• Upon the exhale chant an ‘I AM’ phrase (ie. I AM love) or just ‘I AM’. Play with it and see what feels better. Your ‘I AM’ is the same as what’s called the Christ Consciousness or your Higher Self. In a sense, your are honoring it here.
    • Use AUM. AUM = I AM. I would like to caution with this one, however. Most, if not all, teachers, practitioners, authors will equate AUM with OM. Letters, as do words, have vibration depending upon not only sound but the symbols. These are two completely different vibrations. The AUM recalls the Christ Consciousness of the ‘I AM’, the God-connection. OM does not, but instead creates a aggravation between mind, heart, body, and soul that stops connection to the God-Source.
  • Add movement
    • Qigong (and other modalities such as Tai Chi) incorporate energy balancing through movement. Personally, I can’t stress enough the shift in alignment when employing Qigong. It’s like receiving a spiritual bath and my entire body perks up in pure joy.
    • Yoga. Though usually placed under the same heading as Qigong, I would not equate the two. For me, yoga is more physical than spiritual but that may be different for you and I do find benefits. Kundalini yoga I will add following my Qigong routine which gives me an added boost. The ego-eradicator, which uses a fast-paced breathing technique, helps to do just what the name implies – eradicate the ego.
  • The Wim-Hof Method. (Follow this link HERE for the guided meditation or grab the book HERE.) This one creates a bit of a hyperventilation response from the body which causes the sensations of tingling and light-headedness and operates like the ego-eradicator by cutting through the crap that gets in the way of the mind-heart connection. When I perform this technique, I feel like I’ve been smoking weed afterwards. Yah, I haven’t done that in years but I definitely still remember the feeling. High as a kite. You’ll love it – you won’t have the munchies and it won’t leave you feeling discombobulated for the rest of the day. Wim Hof also adds in cold showers to jar the mind and body into a stressed state that prepares them for the day to come. I highly recommend reading the book.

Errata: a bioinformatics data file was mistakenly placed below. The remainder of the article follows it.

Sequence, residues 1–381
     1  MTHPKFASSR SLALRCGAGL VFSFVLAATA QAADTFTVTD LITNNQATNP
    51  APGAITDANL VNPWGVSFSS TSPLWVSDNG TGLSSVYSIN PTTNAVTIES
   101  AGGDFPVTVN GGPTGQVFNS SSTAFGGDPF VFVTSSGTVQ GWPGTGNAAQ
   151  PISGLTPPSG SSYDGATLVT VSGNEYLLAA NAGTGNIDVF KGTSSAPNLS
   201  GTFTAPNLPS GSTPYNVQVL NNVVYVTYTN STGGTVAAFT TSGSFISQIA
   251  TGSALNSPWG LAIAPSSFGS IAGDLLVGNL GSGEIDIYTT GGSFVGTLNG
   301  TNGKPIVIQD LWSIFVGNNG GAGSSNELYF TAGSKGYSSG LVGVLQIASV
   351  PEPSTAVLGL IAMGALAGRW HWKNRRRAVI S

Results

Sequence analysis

• Tummo. This meditation practice includes a fast-paced movement and helps to bring up the temperature in the body. (This video explains the basics to beginners HERE. This one offers a full understanding HERE, and this one adds the element of cold HERE.)